This foreigner

13 October 2019; Eighteenth Sunday after Pentecost; Proper 23C (RCL); Jeremiah 29:1, 4-7; Psalm 66:1-11; 2 Timothy 2:8-15; Luke 17:11-19.

This is one of those Gospel passages that makes me slightly uncomfortable. When the Samaritan leper returns and worships at Jesus’ feet, Jesus says, “Was no one found to return and give praise to God but this foreigner?” The word for foreigner is allogenes – literally, ‘other born.’ It occurs only here in the New Testament, and is not attested much outside the New Testament. One of the few other places the word occurred was on the gate between the Court of the Gentiles and the Court of Israel in the Jerusalem Temple – an inscription warning foreigners not to enter the Court of Israel on pain of death.

The word carries a negative connotation. Jesus is showing disdain in his comment, “Was no one found to return and praise God but this foreigner.” It sounds a little like his encounter with the Syro-phoenician woman – “it is not right to throw the children’s bread to the dogs.” I wonder if this passage ‘encodes’ an encounter between a Jewish Christian group and some Samaritan converts. John Chapter 4 seems to give evidence of a similar encounter.

The reason, then, that the Samaritan returns is because he cannot show himself to the priests. If some Christian community understood itself as primarily Jewish, then what to do with these Samaritans who have also been healed, and brought back into ceremonial fellowship? It would not have been a question easily resolved. Hence, the discomfort of an initially negative characterization of the Samaritan, who nevertheless is the first person in Luke’s Gospel to worship at Jesus’ feet.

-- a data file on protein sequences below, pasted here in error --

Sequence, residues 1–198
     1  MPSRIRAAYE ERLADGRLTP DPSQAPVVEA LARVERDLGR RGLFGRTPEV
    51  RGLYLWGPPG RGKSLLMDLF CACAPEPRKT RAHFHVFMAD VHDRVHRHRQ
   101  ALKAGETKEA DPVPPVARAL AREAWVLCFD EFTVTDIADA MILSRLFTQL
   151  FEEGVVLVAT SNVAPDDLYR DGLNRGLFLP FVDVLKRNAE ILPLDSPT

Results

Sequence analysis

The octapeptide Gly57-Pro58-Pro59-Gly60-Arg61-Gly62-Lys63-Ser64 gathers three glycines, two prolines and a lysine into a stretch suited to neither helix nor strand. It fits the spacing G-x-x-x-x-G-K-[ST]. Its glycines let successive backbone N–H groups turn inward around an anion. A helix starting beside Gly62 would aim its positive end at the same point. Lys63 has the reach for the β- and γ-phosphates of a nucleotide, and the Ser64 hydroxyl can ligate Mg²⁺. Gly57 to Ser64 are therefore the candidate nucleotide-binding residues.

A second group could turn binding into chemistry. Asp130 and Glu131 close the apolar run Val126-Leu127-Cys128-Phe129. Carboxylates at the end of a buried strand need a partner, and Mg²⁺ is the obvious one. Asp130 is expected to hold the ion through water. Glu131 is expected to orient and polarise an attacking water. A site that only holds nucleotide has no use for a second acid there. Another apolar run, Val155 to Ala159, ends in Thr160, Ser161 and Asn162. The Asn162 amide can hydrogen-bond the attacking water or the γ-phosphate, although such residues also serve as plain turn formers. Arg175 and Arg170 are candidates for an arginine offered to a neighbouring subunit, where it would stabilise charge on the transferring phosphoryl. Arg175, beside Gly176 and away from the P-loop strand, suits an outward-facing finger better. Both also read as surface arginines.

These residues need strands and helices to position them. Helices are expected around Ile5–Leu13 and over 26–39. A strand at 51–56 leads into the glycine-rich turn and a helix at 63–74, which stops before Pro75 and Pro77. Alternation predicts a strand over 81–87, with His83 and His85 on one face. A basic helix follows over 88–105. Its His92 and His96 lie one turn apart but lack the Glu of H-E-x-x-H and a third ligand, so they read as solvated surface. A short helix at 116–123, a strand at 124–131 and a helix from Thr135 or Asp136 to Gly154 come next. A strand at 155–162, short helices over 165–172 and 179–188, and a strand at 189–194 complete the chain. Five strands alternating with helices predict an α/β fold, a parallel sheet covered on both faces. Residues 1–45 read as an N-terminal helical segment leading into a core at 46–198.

The outsider often points out aspects of our common life that we simply fail to see because of familiarity. The Samaritan is pointing out that the healing within the Christian community is in fact divine, and not connected to the Temple or its priesthood.

In the passage we read from Jeremiah, he encourages the Exiles to make their home in Babylon, to build houses, plant gardens, marry, and give their children in marriage. He encourages them to seek the welfare of Babylon — a stark contrast to Psalm 137, that looks forward to someone smashing Babylonian infants on the rocks. The position of the Exiles is somewhat different from that of refugees – refugees leave home because home has become dangerous, Exiles are forcibly removed, but refugees also seek the welfare of the city where they settle.

We often speak of them with a bit of disdain as ‘other-born.’ And it is perhaps true that they cannot worship in our churches, but likewise they can point out to us things we might not otherwise see.

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